Once there was a lake…
The site of the Colosseum is in fact a depression among the hills of Rome: the Palatine on its south-western side, the Velia on the western side, the last slopes of the Esquiline hill, also called Colle Oppio (now a park) on the northern side and the Celio on the Eastern side.
The Velia, however, has disappeared: during the thirties, the hill – which was in fact a ridge between the Colle Oppio and the Palatine – was razed to the ground in order to build the modern Via dei Fori Imperiali, the road that connects Piazza Venezia to the Colosseum cutting through the forums of old Rome. Mussolini demanded a straight road from Piazza Venezia to the Colosseum, in order to have a view of the amphitheatre from his famous balcony and for fascist parades, and that was the end of the Velia.
The valley collected the waters, which created a marsh or a lake, depending on the season. The small lake was fed by the waters of the Rio Labicano, a stream flowing down the Labicana valley, more or less along modern day Via Labicana. The stream can still be seen underground when visiting the Basilica of St. Clemente in Via di San Giovanni. There you can descend about 30 feet under modern ground level and walk on the cobblestones of old Roman alleys, enter shops and houses, visit a Mithraic temple and listen to the soothing sound of running water. The stream is still there and the water runs clear and fast, enclosed inside a conduct built in the 19th century in order to drain the underground of the church. Sometimes the lake reappears on occasion of heavy thunderstorms when the drains are blocked. See this example…
Back to ancient times: during the Roman Republic the site was reclaimed, a drain was built to carry the waters towards the Circus Maximus and the area was densely populated with houses and temples.
After two-thirds of the city were destroyed by the great fire in 64 AD, emperor Nero used this land as a site for his new palace, the Domus Aurea (Golden House), which occupied an enormous area in the centre of the city. Many people, rich and poor alike, were dispossessed of their properties for Nero to build a house that he described as “worthy of a human being”. It is difficult for us mere mortals to understand the magnitude of the Domus Aurea: there were so many buildings that Nero never managed to visit all the rooms in his mansion.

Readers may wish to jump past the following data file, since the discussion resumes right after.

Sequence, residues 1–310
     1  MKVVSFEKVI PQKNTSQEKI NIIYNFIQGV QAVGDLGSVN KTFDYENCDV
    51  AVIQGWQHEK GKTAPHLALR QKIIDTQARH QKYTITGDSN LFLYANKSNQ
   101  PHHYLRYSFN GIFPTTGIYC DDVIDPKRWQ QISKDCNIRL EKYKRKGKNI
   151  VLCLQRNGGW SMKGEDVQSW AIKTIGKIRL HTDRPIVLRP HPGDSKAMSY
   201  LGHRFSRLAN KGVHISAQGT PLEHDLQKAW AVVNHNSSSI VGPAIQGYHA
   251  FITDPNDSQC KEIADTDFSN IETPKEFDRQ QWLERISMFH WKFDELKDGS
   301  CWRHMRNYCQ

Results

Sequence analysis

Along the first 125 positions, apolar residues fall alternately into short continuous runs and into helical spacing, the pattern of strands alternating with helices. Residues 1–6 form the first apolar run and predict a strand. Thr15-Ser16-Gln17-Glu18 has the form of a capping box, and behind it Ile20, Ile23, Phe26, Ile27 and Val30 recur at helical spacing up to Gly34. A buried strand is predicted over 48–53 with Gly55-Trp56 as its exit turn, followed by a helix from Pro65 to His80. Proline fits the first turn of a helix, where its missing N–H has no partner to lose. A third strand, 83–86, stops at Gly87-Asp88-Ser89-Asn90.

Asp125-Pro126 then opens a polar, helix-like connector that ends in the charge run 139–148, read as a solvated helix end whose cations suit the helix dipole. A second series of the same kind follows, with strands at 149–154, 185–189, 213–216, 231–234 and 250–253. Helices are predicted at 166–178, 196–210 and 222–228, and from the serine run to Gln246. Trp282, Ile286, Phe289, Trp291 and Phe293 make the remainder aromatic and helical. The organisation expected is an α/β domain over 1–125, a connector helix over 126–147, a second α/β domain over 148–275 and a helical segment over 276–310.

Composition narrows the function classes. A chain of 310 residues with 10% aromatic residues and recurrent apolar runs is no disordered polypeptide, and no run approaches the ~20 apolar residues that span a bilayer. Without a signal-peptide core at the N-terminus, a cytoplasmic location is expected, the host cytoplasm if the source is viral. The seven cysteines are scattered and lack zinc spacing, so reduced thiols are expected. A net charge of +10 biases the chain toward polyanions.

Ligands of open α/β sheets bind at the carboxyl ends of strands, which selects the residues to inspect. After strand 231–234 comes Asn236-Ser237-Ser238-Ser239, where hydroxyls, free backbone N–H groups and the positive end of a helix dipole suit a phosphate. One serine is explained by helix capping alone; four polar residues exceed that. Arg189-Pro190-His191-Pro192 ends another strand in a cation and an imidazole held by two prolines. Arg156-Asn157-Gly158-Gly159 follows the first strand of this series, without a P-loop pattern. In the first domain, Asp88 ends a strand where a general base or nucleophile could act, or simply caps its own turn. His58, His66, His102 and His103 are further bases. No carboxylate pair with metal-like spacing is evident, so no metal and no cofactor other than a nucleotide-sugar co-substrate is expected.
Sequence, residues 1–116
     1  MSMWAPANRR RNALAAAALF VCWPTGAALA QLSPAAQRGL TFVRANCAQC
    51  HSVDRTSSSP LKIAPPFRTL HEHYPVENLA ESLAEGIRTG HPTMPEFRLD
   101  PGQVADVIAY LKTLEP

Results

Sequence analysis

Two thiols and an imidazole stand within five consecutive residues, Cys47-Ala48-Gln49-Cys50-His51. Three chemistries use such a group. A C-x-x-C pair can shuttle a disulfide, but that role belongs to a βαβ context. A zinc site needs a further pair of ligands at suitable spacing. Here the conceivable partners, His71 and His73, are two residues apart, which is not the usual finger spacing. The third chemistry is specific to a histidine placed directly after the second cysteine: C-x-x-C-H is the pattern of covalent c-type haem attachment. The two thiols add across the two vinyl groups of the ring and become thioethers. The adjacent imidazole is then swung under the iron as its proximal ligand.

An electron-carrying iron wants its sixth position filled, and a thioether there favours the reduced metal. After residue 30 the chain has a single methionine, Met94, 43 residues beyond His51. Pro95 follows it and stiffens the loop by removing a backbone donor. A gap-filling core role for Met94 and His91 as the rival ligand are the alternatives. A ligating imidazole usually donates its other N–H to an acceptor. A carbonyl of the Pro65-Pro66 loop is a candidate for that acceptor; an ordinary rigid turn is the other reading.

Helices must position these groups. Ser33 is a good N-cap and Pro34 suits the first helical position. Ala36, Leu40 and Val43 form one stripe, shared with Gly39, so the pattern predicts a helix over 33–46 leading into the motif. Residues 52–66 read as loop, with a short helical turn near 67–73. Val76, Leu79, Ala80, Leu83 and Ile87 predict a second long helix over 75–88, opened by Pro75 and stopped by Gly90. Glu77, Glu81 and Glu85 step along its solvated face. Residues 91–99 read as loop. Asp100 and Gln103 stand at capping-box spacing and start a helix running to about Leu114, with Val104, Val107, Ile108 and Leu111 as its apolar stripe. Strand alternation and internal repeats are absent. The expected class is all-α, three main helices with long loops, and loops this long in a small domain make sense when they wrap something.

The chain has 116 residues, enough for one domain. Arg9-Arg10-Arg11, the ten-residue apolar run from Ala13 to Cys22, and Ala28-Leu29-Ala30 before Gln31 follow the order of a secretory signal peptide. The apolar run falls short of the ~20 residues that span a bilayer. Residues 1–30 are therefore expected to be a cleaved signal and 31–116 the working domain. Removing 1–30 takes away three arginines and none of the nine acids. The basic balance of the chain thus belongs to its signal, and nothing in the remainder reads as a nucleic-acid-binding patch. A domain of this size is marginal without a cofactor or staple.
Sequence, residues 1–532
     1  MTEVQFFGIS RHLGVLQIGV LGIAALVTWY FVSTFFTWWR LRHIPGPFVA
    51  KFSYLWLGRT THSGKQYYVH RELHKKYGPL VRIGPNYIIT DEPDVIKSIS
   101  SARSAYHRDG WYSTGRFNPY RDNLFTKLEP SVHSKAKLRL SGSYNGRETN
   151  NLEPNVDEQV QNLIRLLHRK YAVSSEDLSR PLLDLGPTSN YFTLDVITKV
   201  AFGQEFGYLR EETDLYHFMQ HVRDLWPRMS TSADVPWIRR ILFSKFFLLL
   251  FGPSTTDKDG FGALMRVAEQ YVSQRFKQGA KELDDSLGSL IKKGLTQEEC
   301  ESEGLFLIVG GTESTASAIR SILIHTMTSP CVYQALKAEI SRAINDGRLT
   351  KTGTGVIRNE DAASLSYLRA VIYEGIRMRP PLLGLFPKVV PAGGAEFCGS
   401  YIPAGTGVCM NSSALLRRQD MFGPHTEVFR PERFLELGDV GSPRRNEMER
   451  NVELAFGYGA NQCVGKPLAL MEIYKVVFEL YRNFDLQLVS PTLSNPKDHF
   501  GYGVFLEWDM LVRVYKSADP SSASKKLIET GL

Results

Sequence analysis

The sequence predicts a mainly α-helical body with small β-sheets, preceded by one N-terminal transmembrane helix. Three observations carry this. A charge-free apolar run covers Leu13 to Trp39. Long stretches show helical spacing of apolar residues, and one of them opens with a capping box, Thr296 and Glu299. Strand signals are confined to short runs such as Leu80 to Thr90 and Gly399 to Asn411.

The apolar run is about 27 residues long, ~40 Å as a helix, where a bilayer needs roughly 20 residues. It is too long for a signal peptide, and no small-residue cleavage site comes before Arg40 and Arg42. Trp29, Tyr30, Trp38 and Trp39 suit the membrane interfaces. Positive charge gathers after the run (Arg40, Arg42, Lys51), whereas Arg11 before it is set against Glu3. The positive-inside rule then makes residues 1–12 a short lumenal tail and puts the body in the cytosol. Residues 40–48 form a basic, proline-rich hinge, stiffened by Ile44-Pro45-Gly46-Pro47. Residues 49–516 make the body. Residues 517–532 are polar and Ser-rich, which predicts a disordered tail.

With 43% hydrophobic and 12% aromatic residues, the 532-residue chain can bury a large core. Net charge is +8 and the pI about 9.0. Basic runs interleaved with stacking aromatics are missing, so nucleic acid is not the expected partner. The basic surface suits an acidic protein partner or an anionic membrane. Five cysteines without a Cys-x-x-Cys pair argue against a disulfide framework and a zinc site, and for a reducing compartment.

In the depression of the former lake Nero had an enormous rectangular pond built, surrounded by a portico with columns. The ex lake thus became part of a huge park provided with all sorts of amenities, including the most luxurious mansions, fake fishing villages, animals, water sources and fountains. In the entrance of his palace Nero also placed a colossal bronze statue of himself (120 feet high, work of Zenodorus), whose face was later modified many times to represent different emperors.
After the death of Nero in 68 AD, and after a period of turmoil, Vespasian came to power. The new emperor established a new dynasty, the Flavians, and wanted to gain popularity with the Roman citizens, showing that the times of tyranny and despotism were over: He made a point of giving back the area of Nero’s Domus Aurea to the Romans. The amphitheatre then – a public building donated by the emperor to the Roman citizens – stood on the former site of Nero’s mansion as a splendid symbol of the new political order.
The official name of the amphitheatre was “Caesar’s Amphitheatre”, but Romans called the Colosseum “the arena”, or “cavea”. Dio Cassius who wrote Greek, calls it “hunting theatre”, but is a translation from the Greek. Colagrossi writes that Calpurnius called it “Ovum”, the egg.
The name Colosseum dates back to the XI century, and it is origin is uncertain. The most popular version is that the name comes from a colossal statue of Nero, called indeed Colossus Neronis, that at first was in the Domus Aurea. The statue was one of the most visible (and arrogant) features of Nero’s residence: a 36 meter (120 ft) bronze, silver and gold statue of Nero placed just outside the entrance. This monstrosity was built by the greek sculptor Zenodorus in imitation of the Colossus of Rhodes, one of the Seven Wonders of the Ancient World. The Colossus was later dedicated by Vespasian to the Sun God – after replacing its face – and then affixed with the heads of several emperors, until Hadrian moved it near the amphitheatre.
The transfer of the statue in itself seems to have been an admirable feat, as no less than 24 elephants were employed to move it. However, discussion among the experts is still open, because some have argued that 1) there is no substantial evidence of the presence of the statue near the amphitheatre; 2) the name Colosseum appears only from the XI century, when the statue had long disappeared.
Another theory maintains that the name might have come from the Collis Iseum, a nearby hill where a temple dedicated to Isis once stood. And according to another curious theory, it might even be the corruption of Colis eum? (“do you worship him?”), a question that was part of a satanic rite. Legend has it that, up to the late Renaissance age, the Colosseum used to be a chosen site for performing pagan and black magic rituals at night-time.